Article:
The Convergence Trinity

Opinion by Raf Meersman

Why are there so little Real 5G networks so far? Comsof CEO Raf Meersman gives his analysis and provides his personal ideas on how to save OPEX and CAPEX to eliminate some barriers. “To my opinion, a key element is convergence, in three ways.”

fiber 5G convergence

5G is here. Or, rather, it should be here. Any telecom operator or broadband provider who wants to stick around for the coming decades is going to – or at least planning to – deploy this next generation wireless network and its indispensable fiber network backhaul.

This investment is nothing less than an absolute necessity. Data traffic has already, and will continue to, explode in the coming years, caused by data-devouring applications such as TV streaming and online gaming. This evolution tests the limits of any data network infrastructure. FTTH (fiber-to-the-home) and 5G are the only future-proof technologies capable of coping with this data tsunami.

The 5G Experts

Everyone claims to be a 5G expert nowadays. Just Google ‘5G’ and you will get over 796 million hits. I challenge you to find actual large scale 5G projects. Spoiler alert, apart from investments in Southeast Asia, and some small-scale projects in airports and urban areas in the West, the results are less than thrilling. And no, we do not consider “4.5G”-type networks a realistic alternative.

“Just Google ‘5G’ and you will get over 796 million hits. I challenge you to find actual large scale 5G projects.”

Don’t look too far to find the answer, as it will inevitably lead you to the same conclusion.

A 5G network has more speed, lower latency, and can be used in a much broader spectrum than its predecessor. However, these benefits come at a great cost for the provider. 5G is dependent on a dense cell site network and these cell sites need to be fed by a fiber optic backhaul. This requires extensive civil work, additional equipment, and upkeep of maintenance. This investment will cost billions of dollars.

The Unsustainable Cocktail

Unsurprisingly, many telecom providers are reluctant to roll out this brand-new infrastructure, as they are in an extremely unfavorable position. On the one hand, huge commitments of both time and money are needed in order to upgrade or replace existing copper or 4G networks. On the other hand, revenue streams are flatlining since customers are not willing to pay extra for this state-of-the-art network.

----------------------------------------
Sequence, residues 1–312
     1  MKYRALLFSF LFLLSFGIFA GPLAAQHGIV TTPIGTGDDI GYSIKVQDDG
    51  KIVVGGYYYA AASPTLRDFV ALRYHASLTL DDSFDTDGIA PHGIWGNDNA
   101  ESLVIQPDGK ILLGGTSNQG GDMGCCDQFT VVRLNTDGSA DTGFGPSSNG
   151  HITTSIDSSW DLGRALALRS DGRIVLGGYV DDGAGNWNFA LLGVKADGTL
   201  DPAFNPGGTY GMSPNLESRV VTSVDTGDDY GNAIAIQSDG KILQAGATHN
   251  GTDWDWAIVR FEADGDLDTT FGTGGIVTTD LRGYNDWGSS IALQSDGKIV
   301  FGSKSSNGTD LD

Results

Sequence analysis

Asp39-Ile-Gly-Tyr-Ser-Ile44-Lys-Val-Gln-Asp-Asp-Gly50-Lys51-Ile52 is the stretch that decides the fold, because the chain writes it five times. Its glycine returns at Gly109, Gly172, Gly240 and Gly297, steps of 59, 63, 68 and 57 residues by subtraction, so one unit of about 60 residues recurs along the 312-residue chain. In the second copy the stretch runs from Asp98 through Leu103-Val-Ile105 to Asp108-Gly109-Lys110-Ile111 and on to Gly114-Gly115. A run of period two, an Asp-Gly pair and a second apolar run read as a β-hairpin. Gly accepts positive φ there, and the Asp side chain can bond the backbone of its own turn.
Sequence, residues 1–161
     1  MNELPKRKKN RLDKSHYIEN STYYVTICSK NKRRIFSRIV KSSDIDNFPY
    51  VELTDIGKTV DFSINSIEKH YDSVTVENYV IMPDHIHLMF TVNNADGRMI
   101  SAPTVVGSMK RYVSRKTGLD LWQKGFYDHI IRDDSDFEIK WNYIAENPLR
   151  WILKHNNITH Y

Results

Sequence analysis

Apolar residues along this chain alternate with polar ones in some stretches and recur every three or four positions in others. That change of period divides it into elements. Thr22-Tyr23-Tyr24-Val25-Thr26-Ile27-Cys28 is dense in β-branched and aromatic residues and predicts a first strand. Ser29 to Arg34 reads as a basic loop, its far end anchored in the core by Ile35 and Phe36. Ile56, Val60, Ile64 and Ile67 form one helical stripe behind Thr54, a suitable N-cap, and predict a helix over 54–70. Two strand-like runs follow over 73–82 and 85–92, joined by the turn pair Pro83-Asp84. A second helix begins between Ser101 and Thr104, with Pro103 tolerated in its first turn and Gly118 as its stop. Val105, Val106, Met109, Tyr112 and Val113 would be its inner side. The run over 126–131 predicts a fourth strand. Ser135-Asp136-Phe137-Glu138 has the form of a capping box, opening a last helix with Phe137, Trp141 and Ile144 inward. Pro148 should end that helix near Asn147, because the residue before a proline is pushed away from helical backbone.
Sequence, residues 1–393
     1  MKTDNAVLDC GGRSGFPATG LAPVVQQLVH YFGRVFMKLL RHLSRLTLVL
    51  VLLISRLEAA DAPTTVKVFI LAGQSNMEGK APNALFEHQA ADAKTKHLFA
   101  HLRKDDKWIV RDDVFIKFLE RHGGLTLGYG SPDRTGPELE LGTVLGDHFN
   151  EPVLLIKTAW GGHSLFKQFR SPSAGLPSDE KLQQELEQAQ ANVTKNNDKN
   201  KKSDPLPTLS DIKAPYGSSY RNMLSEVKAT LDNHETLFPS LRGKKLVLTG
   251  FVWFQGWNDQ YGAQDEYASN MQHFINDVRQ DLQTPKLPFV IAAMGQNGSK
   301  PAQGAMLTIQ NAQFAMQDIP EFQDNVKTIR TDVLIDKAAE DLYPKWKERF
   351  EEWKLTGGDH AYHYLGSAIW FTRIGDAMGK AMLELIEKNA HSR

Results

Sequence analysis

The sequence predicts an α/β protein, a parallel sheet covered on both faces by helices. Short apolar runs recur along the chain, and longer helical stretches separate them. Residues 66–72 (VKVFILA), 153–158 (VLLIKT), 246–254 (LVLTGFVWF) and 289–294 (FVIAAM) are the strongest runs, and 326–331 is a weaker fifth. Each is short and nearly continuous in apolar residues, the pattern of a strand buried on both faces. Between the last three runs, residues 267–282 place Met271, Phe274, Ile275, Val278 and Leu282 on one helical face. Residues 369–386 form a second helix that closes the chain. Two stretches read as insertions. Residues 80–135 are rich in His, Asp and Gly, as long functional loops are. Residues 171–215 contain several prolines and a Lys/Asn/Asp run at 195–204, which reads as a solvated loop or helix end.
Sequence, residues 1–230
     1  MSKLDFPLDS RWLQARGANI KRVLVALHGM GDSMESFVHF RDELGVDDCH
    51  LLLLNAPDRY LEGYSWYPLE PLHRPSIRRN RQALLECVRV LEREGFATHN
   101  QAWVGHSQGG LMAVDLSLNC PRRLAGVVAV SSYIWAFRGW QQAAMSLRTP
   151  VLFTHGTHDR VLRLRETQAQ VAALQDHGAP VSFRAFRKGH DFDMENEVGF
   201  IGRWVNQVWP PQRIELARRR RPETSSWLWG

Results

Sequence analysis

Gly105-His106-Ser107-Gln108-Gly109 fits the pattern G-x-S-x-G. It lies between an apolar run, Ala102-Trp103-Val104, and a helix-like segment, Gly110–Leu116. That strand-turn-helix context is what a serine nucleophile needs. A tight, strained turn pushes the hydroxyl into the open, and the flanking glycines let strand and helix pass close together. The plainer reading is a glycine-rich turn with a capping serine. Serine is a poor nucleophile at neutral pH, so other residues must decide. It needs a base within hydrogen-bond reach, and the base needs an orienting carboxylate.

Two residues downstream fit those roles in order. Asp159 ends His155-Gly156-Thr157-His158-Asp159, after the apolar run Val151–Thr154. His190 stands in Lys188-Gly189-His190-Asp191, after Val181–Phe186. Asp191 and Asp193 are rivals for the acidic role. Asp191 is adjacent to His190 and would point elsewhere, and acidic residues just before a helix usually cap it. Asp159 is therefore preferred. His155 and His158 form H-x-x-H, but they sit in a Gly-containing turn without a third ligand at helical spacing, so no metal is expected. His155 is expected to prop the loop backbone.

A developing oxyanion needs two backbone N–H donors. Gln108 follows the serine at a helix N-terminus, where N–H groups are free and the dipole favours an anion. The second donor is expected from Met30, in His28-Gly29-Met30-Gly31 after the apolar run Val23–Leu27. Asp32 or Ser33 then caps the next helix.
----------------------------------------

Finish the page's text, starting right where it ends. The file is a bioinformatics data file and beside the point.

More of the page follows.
The true winners of these investments are companies like Google, Facebook, Netflix, who, backed by higher speeds and lower latency, can extend their services.

Three Strategic Paths

The telecom industry needs to find a solution to this unsustainable situation. I see three strategic paths which can lead to significantly lower CAPEX and OPEX while still offering optimal service. The magic word is convergence.

  • Plan a complete network

Data traffic will grow exponentially in the coming decades with 5G being its key carrier. So think ahead and anticipate when you plan your fiber network. Deploying a converged FTTH/5G network minimizes expenses in the long run as both networks share a significant percentage of the same infrastructure.

  • Set your differences aside, build one network

Telecom providers are in a rat race to get to the customer first; all deploying their own infrastructure. But does this ‘traditional’ model of single physical network ownership still make sense today? The answer is no. Deploying a shared network will cut costs and open up the budget to increase the network’s capacity.

“Does the ‘traditional’ model of single physical network ownership still make sense today? The answer is no.”

  • Build a bridge to other utilities

Today, internet access is a basic utility; we rely on internet access as much as we do on electricity. Consequently, electricity companies are obvious allies as they already have an extensive infrastructure in place. Join together to build or upgrade your network to a fiber-5G-electricity network. This win-win situation is obvious. Electricity providers and telco’s share the investment burden and telco’s can use the existing infrastructure to get to places that otherwise would not be profitable for them to go.

If the telecom industry can turn these three strategies into a reality, operators and providers will face a much more positive future, with a network that will last for decades.

This piece was published in Fibre Systems Magazine